BY DAN FELDMAN
Published January 7, 2008
WEST LAFAYETTE - Michigan coach John Beilein doesn't know what he's gotten himself into.
Five times in the second half of Saturday's loss at Purdue, the Wolverines came within three points, only to let the Boilermakers re-extend their lead.
Michigan lacking a killer instinct? What a surprise.
But things were supposed to be different under Beilein.
He's won at every stop - Erie Community College, Nazareth, LeMoyne, Canisius, Richmond and West Virginia.
Well, almost every stop. Not Michigan. The Wolverines (4-10) are the Big Ten's worst team.
When Michigan hired Beilein, eight seasons separated the current team and the program's last game vacated by NCAA sanctions. Michigan won a semi-respectable 54 percent of its games in those eight years, the last six under Tommy Amaker. But the Wolverines rarely showed a competitive streak.
Against ranked teams: 10-49.
On the road: 22-61.
NCAA Tournament appearances: zero.
Amaker admirably moved the Wolverines past the Ed Martin situation, but when it became clear he couldn't take Michigan to the next level, he was fired.
Athletic Director Bill Martin hired Beilein because the coach had a higher ceiling than Amaker.
But it hasn't shown. Beilein has put aside winning to help his young team learn his complex offense of 3-pointers and backdoor cuts and his unique 1-3-1 zone defense.
Michigan needs to learn how to win, and Beilein isn't teaching that.
Beilein asked the public to judge the team on its progress learning his system, not its record.
He's probably a bit scared to see what would happen if he put pressure on his players to win. After all, it's a young team learning a new system - one of the nation's most complicated at that.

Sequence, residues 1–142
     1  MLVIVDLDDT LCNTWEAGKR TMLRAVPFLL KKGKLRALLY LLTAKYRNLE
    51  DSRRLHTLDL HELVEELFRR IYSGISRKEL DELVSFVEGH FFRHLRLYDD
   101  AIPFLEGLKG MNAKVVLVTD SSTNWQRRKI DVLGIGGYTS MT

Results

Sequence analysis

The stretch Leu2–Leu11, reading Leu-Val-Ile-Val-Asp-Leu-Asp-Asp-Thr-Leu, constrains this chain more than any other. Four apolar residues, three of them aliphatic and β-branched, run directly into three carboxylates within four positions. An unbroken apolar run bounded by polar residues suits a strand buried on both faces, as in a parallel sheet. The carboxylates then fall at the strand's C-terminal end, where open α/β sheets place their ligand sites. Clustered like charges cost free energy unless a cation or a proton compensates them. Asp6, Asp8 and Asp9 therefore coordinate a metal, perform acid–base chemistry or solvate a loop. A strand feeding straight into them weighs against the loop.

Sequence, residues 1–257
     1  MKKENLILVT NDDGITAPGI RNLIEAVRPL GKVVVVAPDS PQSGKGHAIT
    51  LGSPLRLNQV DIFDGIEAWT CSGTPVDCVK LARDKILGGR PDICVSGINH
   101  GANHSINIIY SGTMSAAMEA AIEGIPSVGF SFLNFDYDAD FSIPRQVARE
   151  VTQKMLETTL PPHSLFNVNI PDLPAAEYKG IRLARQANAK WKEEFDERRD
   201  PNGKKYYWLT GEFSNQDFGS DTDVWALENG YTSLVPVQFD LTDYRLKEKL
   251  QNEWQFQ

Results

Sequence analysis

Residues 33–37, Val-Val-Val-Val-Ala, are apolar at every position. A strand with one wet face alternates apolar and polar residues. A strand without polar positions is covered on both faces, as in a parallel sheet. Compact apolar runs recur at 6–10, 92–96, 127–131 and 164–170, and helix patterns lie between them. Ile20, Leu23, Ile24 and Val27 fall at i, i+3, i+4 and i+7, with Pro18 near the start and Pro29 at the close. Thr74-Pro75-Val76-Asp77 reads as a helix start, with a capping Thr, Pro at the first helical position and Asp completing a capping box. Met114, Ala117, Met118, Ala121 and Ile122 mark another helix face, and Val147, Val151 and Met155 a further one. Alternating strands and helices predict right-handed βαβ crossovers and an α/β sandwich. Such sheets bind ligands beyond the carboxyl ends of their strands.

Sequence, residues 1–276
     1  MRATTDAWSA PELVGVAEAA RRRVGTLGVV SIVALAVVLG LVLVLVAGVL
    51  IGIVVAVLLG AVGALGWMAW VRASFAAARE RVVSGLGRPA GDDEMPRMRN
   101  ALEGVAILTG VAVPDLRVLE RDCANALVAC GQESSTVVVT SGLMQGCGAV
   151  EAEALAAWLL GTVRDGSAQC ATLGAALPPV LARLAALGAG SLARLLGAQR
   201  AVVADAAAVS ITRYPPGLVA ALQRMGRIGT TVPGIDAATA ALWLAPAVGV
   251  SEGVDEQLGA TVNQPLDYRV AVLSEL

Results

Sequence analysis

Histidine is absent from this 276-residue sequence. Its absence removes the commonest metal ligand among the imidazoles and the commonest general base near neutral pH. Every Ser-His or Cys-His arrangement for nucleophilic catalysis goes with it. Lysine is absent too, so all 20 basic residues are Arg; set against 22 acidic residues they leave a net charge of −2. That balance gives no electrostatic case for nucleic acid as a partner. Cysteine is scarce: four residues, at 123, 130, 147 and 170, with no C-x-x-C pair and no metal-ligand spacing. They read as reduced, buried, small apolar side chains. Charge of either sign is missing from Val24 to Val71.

The Wolverines' largest obstacle is they don't know what it takes to win. Dealing with the tension of game is the best way to learn.
Michigan basketball has been devoid of pressure for too long. Everything is comfortable; there's no desperation.
Beilein has said games can be nuisances, distractions in the way of practices. He's spending less time preparing for opponents than he typically does.
Put this team out there. See what it can do. Beilein might be surprised with what could happen.
I'm all for building a program, rather than just focusing on short-term success. But you don't need to get bad to get good. Michigan shouldn't lose to Harvard or Central Michigan - both of which have first-year coaches, too.
The Wolverines didn't even pretend to give themselves a chance against Georgetown, Duke or UCLA. Once on the court, they tried to win, but they didn't expect to win.
Beilein, in his 29 years as a head coach, has proven himself, and there's still a very good chance he'll win here. But by making winning a secondary goal, he's drastically slowing down the process.
For the last eight years, there hasn't been much wrong with the Wolverines, but there hasn't been much right either.
If Beilein doesn't put pressure on this team, the mediocrity will continue. Maybe he's going to flip that switch next year when the team knows his system better. But why wait?
Beilein can work on schemes all he wants, but until he changes the program's culture, not much will change.
- Feldman can be reached at firstname.lastname@example.org.